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Forexample p3 py px py

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Unformatted text preview: denote

“x
>
0”
and
the
domain
be
 the
integers.
Then:
 P(‐3)


is
false.
 P(0)


is
false.
 P(3)

is
true.

   Often
the
domain
is
denoted
by
U.
So
in
this
example
U
is
 the
integers.
 Examples
of
Proposi*onal
 Func*ons
   Let
“x
+
y
=
z”
be
denoted
by

R(x,
y,
z)
and
U
(for
all
three
variables)
 be
the
integers.
Find
these
truth
values:

 R(2,-1,5)
 Solution:

F
 R(3,4,7)
 Solution:
T
 R(x,
3,
z)
 Solution:
Not
a
Proposition
   Now
let

“x
‐
y
=
z”
be
denoted
by
Q(x,
y,
z),
with
U
as
the
integers.
 Find
these
truth
values:
 Q(2,-1,3)
 
Solution:

T
 Q(3,4,7)
 
Solution:
F
 
Q(x,
3,
z)
 
Solution:

Not
a
Proposition
 Compound
Expressions
   Connectives
from
propositional
logic
carry
over
to
predicate
 logic.

   If
P(x)
denotes

“x
>
0,”
find
these
truth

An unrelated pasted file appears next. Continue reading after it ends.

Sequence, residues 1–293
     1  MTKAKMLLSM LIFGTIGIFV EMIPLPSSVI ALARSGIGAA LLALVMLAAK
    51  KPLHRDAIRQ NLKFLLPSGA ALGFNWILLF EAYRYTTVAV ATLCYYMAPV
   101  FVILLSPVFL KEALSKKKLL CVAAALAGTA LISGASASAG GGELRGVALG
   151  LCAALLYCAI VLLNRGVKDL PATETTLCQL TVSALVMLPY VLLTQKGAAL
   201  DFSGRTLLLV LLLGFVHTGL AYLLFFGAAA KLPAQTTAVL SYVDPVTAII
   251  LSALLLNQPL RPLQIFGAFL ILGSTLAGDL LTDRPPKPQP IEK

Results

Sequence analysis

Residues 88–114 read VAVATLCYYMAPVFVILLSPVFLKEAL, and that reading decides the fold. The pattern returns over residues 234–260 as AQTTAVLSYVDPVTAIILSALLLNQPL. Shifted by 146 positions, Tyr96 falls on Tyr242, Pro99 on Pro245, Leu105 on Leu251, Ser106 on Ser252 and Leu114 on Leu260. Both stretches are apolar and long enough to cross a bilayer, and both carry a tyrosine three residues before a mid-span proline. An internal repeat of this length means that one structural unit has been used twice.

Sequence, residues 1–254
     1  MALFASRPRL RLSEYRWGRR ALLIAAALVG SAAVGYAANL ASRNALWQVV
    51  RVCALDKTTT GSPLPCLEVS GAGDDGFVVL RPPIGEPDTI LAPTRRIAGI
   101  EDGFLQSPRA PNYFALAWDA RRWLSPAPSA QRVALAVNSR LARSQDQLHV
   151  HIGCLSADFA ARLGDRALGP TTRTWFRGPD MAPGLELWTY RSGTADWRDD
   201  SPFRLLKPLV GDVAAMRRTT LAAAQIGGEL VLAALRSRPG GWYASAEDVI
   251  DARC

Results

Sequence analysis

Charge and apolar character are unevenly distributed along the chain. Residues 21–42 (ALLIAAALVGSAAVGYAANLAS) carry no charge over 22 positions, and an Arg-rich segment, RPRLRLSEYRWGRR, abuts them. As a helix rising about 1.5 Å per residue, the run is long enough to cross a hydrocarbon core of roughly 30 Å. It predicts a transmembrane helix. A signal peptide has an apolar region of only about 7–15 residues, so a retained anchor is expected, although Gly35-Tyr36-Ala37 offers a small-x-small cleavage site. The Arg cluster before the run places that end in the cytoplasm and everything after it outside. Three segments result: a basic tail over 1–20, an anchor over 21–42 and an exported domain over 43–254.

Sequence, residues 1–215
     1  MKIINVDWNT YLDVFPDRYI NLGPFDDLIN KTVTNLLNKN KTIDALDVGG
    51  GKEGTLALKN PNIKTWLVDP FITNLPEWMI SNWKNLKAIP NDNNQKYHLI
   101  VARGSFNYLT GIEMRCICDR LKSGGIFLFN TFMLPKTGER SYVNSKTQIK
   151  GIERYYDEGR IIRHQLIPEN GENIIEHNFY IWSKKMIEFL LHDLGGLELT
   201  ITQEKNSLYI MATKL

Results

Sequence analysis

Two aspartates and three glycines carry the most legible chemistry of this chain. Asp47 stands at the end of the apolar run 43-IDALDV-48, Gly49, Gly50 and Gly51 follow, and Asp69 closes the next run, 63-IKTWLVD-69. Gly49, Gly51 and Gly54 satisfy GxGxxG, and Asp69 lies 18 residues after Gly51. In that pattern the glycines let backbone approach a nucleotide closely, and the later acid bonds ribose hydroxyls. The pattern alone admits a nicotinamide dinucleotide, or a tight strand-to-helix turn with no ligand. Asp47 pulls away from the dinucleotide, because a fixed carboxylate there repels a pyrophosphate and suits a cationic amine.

values:
 P(3)
∨ P(-1) P(3)
∧ P(-1) P(3)
→ P(-1) P(3)
→ P(-1) Solution: T Solution: F Solution: F Solution: T
   Expressions
with
variables
are
not
propositions
and
therefore
 do
not
have
truth
values.

For
example,
 P(3)
∧ P(y) P(x)
→ P(y)   When
used
with
quantifiers
(to
be
introduced
next),
these
 expressions
(propositional
functions)
become
propositions.
 Quan*fiers
 Charles
Peirce
(1839‐1914)
   We
need
quantifiers
to
express
the
meaning
of
English
 words
including
all
and
some:
   “All
men
are
Mortal.”
   “Some
cats
do
not
have
fur.”
   The
two
most
important
quantifiers
are:
   Universal
Quantifier,
“For
all,”


symbol:
∀
   Existential
Quantifier,
...
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